Even a simple buttercup plucked from the side of the road delights us in a way that few other things can.
While wildflowers are less formal and expensive than long-stemmed roses and orchids, they can be just as colorful, graceful and dramatic. You can pick them yourself or hire a florist like Sarah Jo Willey owner of Creative Muse Floral in Vermont. We fell in love with her unique wildflower bouquets during a photo shoot and consequently had to feature her in this blog post. Her sustainable approach also won our hearts as many of the flowers she uses are organically grown and fertilized by an onsite cow farm at Raven Ridge Farm in Enosburgh, Vermont.
It is important to plan your wedding date around the season when your favorite wildflowers are in bloom. From daisies and heather to hydrangeas and lavender the ideas are endless.Wildflowers can be used in all of your bouquets, sprinkled on the tables, placed in buckets, or planted around the wedding arbor in your yard and left there to grow back year after year. We hope the unique bouquets we selected will inspire you.
1. A stunning bridal bouquet of butter cream roses, astrantia, poppy pods, grasses, yarrow, sweet peas, and succulents.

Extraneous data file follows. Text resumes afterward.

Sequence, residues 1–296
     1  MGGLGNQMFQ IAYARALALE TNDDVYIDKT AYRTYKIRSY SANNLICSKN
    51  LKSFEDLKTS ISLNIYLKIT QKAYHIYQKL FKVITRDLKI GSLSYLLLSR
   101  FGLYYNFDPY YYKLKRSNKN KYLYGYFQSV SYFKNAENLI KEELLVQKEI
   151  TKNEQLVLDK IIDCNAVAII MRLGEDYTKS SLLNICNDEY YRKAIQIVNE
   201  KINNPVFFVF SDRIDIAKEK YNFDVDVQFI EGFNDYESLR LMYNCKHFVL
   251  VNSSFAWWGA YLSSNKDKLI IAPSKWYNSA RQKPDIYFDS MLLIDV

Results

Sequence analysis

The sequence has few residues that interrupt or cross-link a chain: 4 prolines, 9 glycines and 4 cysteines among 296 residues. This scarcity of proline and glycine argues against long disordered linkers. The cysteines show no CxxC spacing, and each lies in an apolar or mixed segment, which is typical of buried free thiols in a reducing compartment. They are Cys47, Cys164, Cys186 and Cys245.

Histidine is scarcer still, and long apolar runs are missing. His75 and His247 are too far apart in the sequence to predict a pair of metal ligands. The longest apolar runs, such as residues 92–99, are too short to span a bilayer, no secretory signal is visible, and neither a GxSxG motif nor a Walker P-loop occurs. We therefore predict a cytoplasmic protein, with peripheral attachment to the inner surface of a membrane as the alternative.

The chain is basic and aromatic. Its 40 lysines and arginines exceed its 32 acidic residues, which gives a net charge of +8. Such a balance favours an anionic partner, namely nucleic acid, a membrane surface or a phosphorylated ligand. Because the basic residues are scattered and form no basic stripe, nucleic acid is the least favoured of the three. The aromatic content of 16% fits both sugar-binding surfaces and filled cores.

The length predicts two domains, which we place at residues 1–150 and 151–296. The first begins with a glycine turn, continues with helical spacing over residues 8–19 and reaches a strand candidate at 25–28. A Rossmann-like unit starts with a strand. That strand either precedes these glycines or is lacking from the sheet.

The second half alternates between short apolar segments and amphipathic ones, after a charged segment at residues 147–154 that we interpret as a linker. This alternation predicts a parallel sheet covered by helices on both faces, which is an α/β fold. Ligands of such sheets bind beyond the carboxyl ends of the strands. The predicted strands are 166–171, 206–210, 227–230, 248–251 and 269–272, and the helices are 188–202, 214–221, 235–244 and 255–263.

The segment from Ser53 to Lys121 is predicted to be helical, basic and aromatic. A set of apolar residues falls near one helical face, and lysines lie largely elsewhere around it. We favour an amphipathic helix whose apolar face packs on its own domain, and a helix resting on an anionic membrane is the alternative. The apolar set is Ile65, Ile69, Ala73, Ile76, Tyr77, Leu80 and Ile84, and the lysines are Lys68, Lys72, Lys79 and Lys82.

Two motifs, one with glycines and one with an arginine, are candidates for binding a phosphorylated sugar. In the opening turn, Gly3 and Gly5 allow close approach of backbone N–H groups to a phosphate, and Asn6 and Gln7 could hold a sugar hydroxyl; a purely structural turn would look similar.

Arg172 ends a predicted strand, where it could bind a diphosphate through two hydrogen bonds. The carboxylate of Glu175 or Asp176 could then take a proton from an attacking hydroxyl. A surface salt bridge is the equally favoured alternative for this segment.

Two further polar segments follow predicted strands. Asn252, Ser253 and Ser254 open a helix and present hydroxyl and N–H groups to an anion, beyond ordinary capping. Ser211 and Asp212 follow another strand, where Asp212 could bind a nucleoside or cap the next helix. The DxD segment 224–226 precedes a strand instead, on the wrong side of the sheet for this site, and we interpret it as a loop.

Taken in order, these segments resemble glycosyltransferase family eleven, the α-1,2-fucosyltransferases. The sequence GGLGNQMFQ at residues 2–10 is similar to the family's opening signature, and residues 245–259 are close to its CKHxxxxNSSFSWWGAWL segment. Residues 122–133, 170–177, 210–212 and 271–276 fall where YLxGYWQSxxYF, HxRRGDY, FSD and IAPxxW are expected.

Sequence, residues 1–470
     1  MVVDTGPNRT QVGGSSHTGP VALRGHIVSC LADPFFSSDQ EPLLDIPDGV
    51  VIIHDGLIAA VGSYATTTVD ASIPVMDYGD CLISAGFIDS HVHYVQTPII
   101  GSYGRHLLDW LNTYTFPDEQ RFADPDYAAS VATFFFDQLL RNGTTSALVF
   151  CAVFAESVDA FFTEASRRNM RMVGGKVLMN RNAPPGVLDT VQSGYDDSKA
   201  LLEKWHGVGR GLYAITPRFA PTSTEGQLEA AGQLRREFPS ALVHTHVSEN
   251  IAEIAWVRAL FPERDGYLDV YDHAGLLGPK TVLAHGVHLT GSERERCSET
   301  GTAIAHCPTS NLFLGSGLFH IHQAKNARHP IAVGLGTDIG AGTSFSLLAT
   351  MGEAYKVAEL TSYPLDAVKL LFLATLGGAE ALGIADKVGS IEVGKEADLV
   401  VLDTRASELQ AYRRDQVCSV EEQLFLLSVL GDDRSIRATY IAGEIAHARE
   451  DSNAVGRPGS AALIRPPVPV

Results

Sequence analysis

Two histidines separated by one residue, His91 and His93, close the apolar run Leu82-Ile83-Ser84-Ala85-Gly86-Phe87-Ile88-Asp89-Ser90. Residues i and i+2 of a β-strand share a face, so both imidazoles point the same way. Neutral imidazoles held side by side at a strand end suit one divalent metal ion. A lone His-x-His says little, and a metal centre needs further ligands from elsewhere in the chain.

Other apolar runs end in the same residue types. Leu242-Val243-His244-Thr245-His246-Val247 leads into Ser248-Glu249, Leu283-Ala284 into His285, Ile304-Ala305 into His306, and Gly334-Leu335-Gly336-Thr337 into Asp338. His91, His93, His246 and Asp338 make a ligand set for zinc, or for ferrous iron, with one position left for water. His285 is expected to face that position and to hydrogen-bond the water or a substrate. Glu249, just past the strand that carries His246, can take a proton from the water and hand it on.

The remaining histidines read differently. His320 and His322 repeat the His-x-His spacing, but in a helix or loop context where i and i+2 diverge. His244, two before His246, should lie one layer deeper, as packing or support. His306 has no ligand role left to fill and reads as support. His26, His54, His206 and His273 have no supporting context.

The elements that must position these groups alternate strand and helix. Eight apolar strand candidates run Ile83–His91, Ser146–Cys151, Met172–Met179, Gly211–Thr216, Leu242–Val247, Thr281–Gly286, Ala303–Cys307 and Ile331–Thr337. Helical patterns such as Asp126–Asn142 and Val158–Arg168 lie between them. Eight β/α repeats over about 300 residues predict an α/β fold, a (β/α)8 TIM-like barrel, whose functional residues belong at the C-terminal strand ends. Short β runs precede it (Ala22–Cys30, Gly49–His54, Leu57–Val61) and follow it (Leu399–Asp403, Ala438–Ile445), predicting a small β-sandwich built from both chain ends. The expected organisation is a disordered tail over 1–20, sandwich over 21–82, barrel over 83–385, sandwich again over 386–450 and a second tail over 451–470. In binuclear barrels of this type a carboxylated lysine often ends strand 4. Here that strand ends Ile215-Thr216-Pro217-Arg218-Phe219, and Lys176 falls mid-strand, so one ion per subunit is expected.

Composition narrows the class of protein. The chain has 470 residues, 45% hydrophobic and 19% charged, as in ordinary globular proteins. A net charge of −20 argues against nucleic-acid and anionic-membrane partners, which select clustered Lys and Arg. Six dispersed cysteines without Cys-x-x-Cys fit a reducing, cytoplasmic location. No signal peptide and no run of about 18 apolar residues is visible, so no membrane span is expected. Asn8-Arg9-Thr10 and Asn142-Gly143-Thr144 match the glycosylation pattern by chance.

2. Sarah Jo has an eye for mixing color and texture,
pairing wildflowers with organically farmed flowers,
and simply ties them with a ribbon. Just beautiful!
3. A small yet vibrant and bold Black Eyed Susan bouquet is perfect for a late summer wedding in Vermont.
4. This sap bucket is full of a cheerful melody of Bee Balm, Lilies and Sunflowers. Surly it will welcome your guests when they arrive.
5. We saved our favorite for last. Sarah Jo created this romantic and ethereal wildflower bouquet to match our Farfalla butterfly embroidered wedding dress. As a florist and designer she truly captured the spirit of this gown.
From our earliest days, we roamed the fields and the urban alleys collecting California Poppies and Black Eyed Susan’s. We created garlands for our hair and clutched crumpled bouquets tight to our chest as we walked down the aisle toward our “betrothed” practicing until the day when “the one” will be standing at the end of the aisle.
And while we have grown and our ideas and tastes may have changed, many of us still remember fondly our first wildflowers of love.